Surgeon General Releases Plan to Reduce Childhood Obesity


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U.S. Surgeon General Regina Benjamin has released a report, the Surgeon General’s Vision for a Healthy and Fit Nation, which recommends ways to improve nutrition and physical activity, include school wellness policies, reduce junk food marketing to children and support walking and biking infrastructure.

regina benj
Surgeon General Regina Benjamin

Yet the report hasn’t gotten the same media hype as when First Lady Michelle Obama made it her personal goal to fight against childhood obesity (earlier this week, the first lady met with lawmakers on the issue).

But the surgeon general’s report has merit, says a Washington Post blogger:

…[the report] talks about personal responsibility, about communities working together, about grassroots efforts. It places the onus for weight loss squarely on the shoulders of individuals. Here’s an excerpt:

As a society, we have to begin to change our habits one healthy choice at a time. Change starts with the individual choices we as Americans make each day for ourselves and those around us. Balancing good nutrition and physical activity while managing daily stressors is always a challenge, but one that can be achieved. Finding time to shop for and prepare healthy meals after work and between family activities requires planning. Stress and a lack of available healthy and affordable foods are some of the reasons why many people turn to fast food as a regular source for meals. Eating excess calories contributes to obesity, but so does watching too much television and sitting for hours in front of a computer.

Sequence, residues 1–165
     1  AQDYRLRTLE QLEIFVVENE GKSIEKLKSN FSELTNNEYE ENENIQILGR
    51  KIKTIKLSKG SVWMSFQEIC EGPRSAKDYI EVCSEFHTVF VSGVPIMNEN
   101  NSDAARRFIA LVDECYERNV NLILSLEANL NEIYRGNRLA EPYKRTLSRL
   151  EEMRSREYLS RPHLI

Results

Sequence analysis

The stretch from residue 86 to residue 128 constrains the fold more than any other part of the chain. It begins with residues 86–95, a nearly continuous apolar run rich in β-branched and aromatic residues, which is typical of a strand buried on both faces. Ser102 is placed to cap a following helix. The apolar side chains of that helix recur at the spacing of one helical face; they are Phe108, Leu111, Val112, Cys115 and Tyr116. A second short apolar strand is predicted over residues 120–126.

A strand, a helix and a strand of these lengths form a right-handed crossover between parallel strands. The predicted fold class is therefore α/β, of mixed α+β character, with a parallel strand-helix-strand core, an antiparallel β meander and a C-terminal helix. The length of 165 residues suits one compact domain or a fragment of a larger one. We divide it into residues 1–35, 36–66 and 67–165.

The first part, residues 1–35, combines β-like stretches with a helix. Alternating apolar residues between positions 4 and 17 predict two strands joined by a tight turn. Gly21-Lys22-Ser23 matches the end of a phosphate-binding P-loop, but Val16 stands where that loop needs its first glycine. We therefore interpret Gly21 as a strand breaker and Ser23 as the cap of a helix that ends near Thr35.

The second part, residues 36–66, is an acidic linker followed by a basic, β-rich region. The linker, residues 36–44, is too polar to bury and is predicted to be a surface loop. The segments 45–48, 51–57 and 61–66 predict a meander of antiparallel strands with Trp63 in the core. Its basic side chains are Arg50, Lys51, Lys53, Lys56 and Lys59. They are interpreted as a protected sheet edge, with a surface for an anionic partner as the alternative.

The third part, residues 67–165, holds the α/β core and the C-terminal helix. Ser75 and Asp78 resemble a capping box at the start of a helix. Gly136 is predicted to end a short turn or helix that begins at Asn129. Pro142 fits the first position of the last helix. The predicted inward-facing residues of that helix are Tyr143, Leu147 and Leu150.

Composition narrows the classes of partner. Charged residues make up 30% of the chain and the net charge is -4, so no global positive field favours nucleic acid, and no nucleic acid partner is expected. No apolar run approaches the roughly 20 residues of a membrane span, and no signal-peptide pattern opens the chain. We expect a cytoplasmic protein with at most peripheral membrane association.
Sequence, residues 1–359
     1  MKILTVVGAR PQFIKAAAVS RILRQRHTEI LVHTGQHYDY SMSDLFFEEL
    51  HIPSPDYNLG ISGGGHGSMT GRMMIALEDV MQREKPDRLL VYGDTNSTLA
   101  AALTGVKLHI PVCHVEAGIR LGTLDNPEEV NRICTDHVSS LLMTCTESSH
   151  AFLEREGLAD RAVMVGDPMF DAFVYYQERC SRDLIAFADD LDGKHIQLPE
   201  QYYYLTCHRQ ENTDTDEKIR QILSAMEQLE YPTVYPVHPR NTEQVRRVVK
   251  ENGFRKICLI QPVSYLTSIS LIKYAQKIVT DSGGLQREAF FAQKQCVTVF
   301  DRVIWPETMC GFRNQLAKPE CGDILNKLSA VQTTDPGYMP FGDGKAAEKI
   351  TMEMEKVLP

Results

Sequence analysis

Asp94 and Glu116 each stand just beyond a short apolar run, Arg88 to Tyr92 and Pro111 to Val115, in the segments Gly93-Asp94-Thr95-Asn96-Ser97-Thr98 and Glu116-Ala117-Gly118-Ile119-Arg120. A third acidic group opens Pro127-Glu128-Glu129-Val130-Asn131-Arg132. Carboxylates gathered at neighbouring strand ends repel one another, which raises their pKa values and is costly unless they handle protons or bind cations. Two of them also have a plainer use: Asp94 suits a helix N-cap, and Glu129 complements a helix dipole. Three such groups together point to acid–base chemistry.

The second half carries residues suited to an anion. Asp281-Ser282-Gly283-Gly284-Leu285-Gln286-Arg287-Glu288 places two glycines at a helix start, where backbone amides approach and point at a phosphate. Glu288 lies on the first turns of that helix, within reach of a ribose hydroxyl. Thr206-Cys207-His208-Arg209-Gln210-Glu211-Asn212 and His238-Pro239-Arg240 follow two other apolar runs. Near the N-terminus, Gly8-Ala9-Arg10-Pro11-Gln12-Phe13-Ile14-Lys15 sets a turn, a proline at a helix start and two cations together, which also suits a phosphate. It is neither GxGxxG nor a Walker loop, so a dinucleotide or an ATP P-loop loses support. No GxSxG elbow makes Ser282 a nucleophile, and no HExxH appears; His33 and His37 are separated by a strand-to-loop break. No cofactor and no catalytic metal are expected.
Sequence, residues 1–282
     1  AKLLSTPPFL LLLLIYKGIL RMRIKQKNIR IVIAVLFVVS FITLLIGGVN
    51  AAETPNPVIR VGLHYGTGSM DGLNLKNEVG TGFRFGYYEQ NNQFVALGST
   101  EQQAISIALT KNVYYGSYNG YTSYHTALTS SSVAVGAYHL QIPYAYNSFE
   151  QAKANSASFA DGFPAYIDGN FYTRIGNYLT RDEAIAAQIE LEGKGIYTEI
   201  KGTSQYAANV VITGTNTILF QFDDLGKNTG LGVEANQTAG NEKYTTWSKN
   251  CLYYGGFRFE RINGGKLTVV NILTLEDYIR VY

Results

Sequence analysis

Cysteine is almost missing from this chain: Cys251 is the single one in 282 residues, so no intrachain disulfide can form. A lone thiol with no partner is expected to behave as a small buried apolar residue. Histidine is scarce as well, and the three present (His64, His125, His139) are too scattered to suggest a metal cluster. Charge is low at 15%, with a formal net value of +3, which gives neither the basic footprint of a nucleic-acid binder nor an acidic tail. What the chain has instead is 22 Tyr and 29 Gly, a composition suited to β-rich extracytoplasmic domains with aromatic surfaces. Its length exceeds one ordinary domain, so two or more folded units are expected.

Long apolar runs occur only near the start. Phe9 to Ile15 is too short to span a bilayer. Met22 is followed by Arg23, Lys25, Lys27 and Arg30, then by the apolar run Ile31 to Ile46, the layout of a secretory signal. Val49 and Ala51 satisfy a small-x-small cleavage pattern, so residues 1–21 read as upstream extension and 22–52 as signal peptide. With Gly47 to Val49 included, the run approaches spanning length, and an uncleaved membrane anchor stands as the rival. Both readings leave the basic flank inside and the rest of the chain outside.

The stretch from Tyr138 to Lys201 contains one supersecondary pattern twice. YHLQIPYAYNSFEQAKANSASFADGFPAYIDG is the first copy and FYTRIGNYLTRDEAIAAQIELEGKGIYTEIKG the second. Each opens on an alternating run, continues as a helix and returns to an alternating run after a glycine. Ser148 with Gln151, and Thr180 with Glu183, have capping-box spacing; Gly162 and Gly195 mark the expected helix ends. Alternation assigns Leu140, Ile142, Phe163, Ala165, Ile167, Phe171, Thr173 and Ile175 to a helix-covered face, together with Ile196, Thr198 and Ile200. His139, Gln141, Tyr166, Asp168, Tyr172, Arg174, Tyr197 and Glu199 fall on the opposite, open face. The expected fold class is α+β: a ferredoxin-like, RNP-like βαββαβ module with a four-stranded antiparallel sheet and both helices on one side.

These is not what many people want to hear — or expect to hear in these paternalistic days.

But to Benjamin, whose suitability for the job I joined many others in questioning when she was nominated, I say hear! hear! and Attagirl! and all kinds of other supportive stuff. For too many years, people have been encouraged to believe that their weight and that of their children was out of their control, subject to all kinds of insidious forces. Benjamin acknowledges that much of the world’s deck is stacked against those who would maintain a healthy weight — but she doesn’t allow that to stand as an excuse. Step up and join the fight, she urges.

To check out the rest of this Post blog, go here. Read the full report here.

By The Numbers By The Numbers



of Latino kids have obesity (compared to 11.7% of white kids)

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